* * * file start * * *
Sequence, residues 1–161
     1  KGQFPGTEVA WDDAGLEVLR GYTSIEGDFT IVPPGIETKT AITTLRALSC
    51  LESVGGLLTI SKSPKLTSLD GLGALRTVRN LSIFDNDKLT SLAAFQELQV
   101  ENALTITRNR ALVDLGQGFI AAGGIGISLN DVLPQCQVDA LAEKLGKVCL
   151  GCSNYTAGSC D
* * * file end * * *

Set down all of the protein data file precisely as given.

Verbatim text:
Sequence, residues 1–161
     1  KGQFPGTEVA WDDAGLEVLR GYTSIEGDFT IVPPGIETKT AITTLRALSC
    51  LESVGGLLTI SKSPKLTSLD GLGALRTVRN LSIFDNDKLT SLAAFQELQV
   101  ENALTITRNR ALVDLGQGFI AAGGIGISLN DVLPQCQVDA LAEKLGKVCL
   151  GCSNYTAGSC D